US weather latest: What is the coldest place in the US right now? Polar Vortex pierces US | World | News



Bitter Arctic air is blasting from the polar vortex into the US and bringing brutally cold temperatures. The polar vortex is a stream of cold air that spins around the stratosphere over the North Pole, but the current has been disrupted and is now pushing south into the United States. The result has been bitterly freezing temperatures, feet of snow, as lakes are frozen over and schools are shut.

Snow has affected the midwestern states, but is now pushing into northeastern US.

Governors in Wisconsin, Illinois and Michigan declared emergencies as temperatures plunged as low as -32C in North Dakota, with wind chills as low as -52C in Minnesota on Tuesday.

The National Weather Service said a wind chill of -32C can freeze skin within 15 minutes.

Michigan Gov. Gretchen Whitmer said: “Keeping Michiganders safe during this stretch of dangerously cold temperatures is our priority.

“Such widespread, extreme conditions have not occurred in Michigan for many years and it is imperative that we are proactive with record-low temperatures being predicted by the National Weather Service.”

Wednesday could be the coldest day ever recorded in Chicago with a forecast of -14F (-26C), but it’s possible the Windy City could break its all-time coldest temperatures of -27C.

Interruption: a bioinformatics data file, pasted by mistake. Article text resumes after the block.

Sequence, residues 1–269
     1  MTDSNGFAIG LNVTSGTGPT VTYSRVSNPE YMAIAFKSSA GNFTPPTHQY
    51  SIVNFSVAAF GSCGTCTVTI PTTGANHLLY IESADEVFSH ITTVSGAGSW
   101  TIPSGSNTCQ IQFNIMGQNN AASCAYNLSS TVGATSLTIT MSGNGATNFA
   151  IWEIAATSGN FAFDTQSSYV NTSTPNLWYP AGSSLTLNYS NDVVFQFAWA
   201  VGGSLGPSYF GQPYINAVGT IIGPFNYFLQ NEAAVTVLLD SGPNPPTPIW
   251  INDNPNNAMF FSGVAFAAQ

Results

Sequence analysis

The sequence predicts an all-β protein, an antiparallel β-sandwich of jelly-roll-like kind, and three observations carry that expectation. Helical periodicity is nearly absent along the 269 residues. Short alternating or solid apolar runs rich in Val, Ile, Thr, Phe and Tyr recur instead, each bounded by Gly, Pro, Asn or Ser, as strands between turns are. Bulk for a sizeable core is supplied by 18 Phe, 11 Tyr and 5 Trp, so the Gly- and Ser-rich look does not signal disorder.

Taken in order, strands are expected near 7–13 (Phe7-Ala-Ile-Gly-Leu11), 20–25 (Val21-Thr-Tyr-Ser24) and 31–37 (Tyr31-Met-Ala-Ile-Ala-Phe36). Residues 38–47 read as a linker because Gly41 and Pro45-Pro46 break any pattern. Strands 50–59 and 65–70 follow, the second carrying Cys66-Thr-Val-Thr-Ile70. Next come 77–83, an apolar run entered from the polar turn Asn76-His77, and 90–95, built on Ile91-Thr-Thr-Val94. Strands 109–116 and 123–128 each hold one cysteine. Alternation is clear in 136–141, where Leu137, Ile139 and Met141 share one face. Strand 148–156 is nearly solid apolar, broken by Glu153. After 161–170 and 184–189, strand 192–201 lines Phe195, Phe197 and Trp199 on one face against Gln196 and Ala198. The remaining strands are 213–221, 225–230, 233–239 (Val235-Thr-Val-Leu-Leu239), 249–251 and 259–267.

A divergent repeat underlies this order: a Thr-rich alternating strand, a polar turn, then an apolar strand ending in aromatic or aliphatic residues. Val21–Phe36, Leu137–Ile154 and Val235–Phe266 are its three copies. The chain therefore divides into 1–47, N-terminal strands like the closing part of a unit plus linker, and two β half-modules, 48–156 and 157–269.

Officials warned Chicago residents to expect an unusually deep and dangerous freeze.

Even the city’s supply of its signature deep-dish pizza was affected: one chain announced it would stop taking delivery orders at 8pm on Tuesday.

The wind chill will make temperatures feel as low as -50F (-46C) through Thursday, the National Weather Service said.

What is the coldest temperature in the US today?

Temperatures could reach lows of -30F to -40F (-34C to -40C) in parts of the Northern Plains and Great Lakes on Wednesday, the NWS said.

Ricky Castro, a National Weather Service meteorologist, in Romeoville, Illinois: “This could possibly be history-making.”

As much as two feet (60cm) of snow was forecast in Wisconsin, and six inches (15cm) in Illinois.

Snow was expected through Wednesday from the Great Lakes region into New England.

AccuWeather meteorologist Mike Doll said: “Some locations in the Midwest will be below zero continuously for 48-72 hours.”

As many as 55 million people in 24 percent of the continental USA could be at zero degrees or lower on Wednesday morning.

Regional governments have closed hundreds of schools and airlines cancelled more than 2,000 flights, according to the Flightaware flight tracking website.


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